Special Collections at UWM Libraries Special Collections Home Page

Chaucer, Geoffrey, 1340?-1400.
The Prologue to the Canterbury Tales with Original Screen Images Designed by Ronald King. Surrey, England: Circle Press, 1978.
Call Number: (BKRT)(FOL) PR 1868 .P8 K5x 1978
Special Collections, Golda Meir Library

Wife of Bath Squire

This edition of Chaucer chooses the Prologue to represent the flavor of Chaucer's commentary on his own times and his fellow man. It is the second edition of the Circle Press rendition of Chaucer's Prologue, the first appearing in 1967. Ronald King seeks to present the humanistic side of Chaucer by tying together the "transcendence" of human nature and mankind. This composite of humankind then creates a rich and colorful society, illustrated here by King.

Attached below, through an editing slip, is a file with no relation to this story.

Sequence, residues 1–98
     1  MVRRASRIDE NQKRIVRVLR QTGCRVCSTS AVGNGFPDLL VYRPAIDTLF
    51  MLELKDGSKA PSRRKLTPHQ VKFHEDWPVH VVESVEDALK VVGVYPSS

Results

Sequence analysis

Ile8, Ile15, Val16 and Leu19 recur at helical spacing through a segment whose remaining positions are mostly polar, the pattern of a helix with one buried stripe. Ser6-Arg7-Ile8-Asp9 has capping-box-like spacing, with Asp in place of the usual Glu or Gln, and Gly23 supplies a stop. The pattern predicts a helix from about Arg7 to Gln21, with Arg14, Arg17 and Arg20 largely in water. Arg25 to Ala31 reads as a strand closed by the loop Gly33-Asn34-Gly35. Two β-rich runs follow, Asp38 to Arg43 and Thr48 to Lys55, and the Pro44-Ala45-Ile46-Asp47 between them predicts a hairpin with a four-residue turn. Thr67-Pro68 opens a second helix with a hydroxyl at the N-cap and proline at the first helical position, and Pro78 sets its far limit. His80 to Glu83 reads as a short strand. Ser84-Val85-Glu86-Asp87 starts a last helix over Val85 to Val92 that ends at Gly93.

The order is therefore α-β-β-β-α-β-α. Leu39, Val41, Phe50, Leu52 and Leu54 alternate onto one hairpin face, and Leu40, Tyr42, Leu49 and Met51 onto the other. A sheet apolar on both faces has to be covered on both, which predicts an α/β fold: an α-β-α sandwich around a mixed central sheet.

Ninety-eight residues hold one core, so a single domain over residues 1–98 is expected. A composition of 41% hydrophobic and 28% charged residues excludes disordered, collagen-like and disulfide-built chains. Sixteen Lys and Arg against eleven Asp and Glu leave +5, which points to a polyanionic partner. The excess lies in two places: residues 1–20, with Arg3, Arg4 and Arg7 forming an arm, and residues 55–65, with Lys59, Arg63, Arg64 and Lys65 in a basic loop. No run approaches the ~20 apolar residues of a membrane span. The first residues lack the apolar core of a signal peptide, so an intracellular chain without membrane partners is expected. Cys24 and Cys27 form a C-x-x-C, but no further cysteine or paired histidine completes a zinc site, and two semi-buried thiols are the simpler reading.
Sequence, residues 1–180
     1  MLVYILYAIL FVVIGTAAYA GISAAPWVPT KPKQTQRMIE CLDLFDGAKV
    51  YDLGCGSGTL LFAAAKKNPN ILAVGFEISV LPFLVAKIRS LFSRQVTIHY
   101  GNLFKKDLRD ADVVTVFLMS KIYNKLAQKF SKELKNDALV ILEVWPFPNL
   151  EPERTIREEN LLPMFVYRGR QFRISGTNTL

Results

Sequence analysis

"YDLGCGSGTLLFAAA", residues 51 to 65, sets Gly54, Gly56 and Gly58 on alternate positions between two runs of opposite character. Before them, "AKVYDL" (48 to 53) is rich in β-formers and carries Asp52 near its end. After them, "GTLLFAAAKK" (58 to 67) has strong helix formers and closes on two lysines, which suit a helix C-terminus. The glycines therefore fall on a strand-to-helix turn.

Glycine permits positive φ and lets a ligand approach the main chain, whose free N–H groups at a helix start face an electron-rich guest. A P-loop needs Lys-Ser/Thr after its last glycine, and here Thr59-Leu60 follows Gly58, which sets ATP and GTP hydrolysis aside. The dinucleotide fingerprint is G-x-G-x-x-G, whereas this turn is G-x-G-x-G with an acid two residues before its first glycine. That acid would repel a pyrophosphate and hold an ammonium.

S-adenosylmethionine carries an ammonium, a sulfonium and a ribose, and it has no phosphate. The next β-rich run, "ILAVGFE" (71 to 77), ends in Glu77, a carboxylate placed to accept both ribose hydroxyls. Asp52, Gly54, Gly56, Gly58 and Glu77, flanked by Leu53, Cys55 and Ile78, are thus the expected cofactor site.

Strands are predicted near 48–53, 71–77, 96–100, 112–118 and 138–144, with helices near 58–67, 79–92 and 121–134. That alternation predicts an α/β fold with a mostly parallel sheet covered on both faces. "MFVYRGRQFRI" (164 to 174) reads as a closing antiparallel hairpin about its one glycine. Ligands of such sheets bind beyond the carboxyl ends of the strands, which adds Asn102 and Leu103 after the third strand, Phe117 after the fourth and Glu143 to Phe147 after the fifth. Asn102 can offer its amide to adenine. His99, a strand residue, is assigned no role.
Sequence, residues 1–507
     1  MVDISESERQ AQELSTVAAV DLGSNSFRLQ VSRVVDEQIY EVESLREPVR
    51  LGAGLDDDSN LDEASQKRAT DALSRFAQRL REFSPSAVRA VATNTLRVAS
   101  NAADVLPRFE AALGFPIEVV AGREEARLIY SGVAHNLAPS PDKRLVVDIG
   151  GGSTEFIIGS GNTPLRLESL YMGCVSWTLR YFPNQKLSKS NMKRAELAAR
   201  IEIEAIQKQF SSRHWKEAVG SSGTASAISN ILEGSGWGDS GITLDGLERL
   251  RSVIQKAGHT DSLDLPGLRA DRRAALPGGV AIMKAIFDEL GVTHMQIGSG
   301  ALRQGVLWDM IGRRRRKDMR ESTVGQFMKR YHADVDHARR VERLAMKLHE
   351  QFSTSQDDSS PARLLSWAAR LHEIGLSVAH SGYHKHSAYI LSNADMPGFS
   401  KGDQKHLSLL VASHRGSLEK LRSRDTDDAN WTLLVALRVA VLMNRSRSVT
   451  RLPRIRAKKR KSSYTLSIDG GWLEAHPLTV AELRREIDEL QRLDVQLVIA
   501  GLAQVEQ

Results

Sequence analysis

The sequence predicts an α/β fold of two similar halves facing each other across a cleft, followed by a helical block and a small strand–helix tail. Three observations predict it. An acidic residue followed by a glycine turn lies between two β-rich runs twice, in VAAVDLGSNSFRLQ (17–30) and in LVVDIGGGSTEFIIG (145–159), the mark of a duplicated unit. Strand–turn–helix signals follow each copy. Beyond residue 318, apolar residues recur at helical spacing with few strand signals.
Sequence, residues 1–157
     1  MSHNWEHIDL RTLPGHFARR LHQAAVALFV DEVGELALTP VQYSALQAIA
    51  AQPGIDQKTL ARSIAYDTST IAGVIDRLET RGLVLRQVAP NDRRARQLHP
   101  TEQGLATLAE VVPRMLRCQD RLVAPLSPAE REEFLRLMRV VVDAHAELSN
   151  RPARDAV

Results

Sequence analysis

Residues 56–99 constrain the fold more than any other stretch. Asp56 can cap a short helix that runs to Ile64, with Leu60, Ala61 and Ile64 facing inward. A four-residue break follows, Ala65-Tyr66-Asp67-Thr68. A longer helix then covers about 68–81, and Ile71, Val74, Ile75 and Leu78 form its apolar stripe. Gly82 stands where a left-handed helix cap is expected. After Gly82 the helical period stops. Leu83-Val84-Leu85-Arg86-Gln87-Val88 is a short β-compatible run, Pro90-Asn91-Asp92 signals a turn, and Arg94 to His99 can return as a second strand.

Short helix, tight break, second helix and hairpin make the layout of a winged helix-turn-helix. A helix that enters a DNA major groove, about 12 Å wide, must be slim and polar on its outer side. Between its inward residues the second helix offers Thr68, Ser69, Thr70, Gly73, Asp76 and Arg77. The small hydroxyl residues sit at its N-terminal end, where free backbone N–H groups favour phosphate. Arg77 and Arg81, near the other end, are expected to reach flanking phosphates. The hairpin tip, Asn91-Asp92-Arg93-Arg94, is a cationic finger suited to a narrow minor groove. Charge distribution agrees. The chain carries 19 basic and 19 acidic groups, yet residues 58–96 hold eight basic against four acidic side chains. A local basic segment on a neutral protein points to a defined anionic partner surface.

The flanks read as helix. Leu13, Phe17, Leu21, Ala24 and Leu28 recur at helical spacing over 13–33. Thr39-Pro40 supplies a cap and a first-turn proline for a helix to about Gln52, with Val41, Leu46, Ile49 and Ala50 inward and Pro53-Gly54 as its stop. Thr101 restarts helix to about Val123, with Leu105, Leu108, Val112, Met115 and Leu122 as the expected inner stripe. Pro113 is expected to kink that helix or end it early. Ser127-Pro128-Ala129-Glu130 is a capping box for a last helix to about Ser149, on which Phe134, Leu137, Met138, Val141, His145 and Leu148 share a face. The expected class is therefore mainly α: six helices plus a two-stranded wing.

Kevin Power sums up the importance of The Prologue in the introduction to this volume by writing: "The Prologue is part of the missing story of ourselves, it shows how individuals can mesh into a complex social whole."

Power continues to describe King's illustrations:

Ron King's illustrations make no attempt to convey the psychological aspects of each pilgrim but deal with their function in society. He blends symbolism and medieval heraldry to give us the mask they wear. It's an intriguing idea to use the African mask since many of its rituals revolve around notions of social balance, of how a person can function both as an individual and as part of a tribal unit. Being a person is also being mystical, being endowed with a rightful thirst for the transcendence of human limitations. The masks set out to maintain the balance between the real and the transcendent. This indeed, was the aim of the strict hierarchies within Chaucer's own society.

This is a limited edition work of twenty series (I-XX) containing 250 copies each. This volume is in series XIII and includes an original signed silkscreen print.


Back - Next

Return to top


©2001 University of Wisconsin--Milwaukee -- All Rights Reserved.
Prepared by Christopher Barth, Virginia Haas, and Sarah McDaniel

Survey